To say the least, there were practically no results to be seen at the G-20 Finance Ministers and Central Bank Governors meeting that drew to a close on Sept. 21.

The joint statement indicated that the world economy is facing growth that is "uneven," and "persistent weaknesses in demand." The problem is that there was no clear demonstration of policy coordination between each country and region geared toward continuous growth in the world economy.

While the U.S. shifted toward positive growth for 4 to 6 months, the real economic growth rate in the eurozone was zero, and Japan experienced a negative growth rate of 7.1 percent.

U.S. Secretary of the Treasury Lew stated that growth in the eurozone and in Japan has been disappointing, but the brunt of the criticism seems to be aimed at Germany, which boasts the largest economy in the eurozone.

Since Germany is expected to eliminate its budget deficit in 2015, the United States is of the view that Germany should support the eurozone as a whole by increasing public spending.

However, German Finance Minister Schäuble disagreed, touting the importance of a balanced budget. The joint statement remained the same as that of the February meeting: "We will continue to implement our fiscal strategies flexibly to take into account near-term economic conditions." This is like saying almost nothing at all.

In the eurozone, while Germany stresses fiscal restraint, France and Italy have asked for flexible application of the European Union's rule against budget deficits exceeding 3 percent of GDP.

The reality of the situation is that, although it's not even in step with the eurozone, policy coordination beyond that on a global scale pretty much can't be expected. First of all, the eurozone should focus on a concrete plan that balances economic growth with fiscal reform while also using the EU budget.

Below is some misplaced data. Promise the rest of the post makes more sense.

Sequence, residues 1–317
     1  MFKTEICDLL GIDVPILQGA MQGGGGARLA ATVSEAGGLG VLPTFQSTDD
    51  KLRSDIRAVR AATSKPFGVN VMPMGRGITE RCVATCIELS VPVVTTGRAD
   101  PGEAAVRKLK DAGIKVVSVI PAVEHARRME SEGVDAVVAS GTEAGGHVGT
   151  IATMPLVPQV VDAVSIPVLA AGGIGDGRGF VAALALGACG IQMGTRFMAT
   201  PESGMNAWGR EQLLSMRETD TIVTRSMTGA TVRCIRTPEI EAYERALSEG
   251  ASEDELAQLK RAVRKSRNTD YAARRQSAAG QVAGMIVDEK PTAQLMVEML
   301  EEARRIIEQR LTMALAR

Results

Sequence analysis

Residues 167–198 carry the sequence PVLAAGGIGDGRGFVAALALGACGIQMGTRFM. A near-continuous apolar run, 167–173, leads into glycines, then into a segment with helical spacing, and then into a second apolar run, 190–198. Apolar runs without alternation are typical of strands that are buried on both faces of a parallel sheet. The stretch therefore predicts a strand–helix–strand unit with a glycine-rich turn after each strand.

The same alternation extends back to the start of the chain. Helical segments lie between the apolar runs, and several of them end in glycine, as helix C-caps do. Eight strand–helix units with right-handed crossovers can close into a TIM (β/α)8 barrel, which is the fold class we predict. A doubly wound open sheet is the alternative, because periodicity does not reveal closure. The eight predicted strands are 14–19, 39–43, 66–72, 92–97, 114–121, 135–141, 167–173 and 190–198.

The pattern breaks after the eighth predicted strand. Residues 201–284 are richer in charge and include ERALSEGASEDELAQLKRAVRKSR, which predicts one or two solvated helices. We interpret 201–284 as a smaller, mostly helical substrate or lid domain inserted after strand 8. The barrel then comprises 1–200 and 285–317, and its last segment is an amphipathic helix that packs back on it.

In terms of balancing growth and fiscal soundness, Japan is not exempt. Creating the conditions in which the consumption tax can be increased to 10 percent is the duty of the government.

The United States' homework will be smoothly advancing the shift in monetary policy. When the U.S. Federal Reserve Board (FRB) raises interest rates, meticulous caution is necessary so as not to cause chaos in the global financial markets.

The G-20 has set a target of driving up the growth rate of the world economy as a whole by 2 percent by 2018. For that reason, there is a need to once again promote structural change, including in emerging nations like China.

The joint statement, as a matter of fact, confirmed the isolated gain of the dollar, which is advancing in the foreign exchange market. As the depreciation of the yen against the dollar deepens, the burden on household finances and businesses increases through rising energy costs and so on. We must remain vigilant toward these side effects.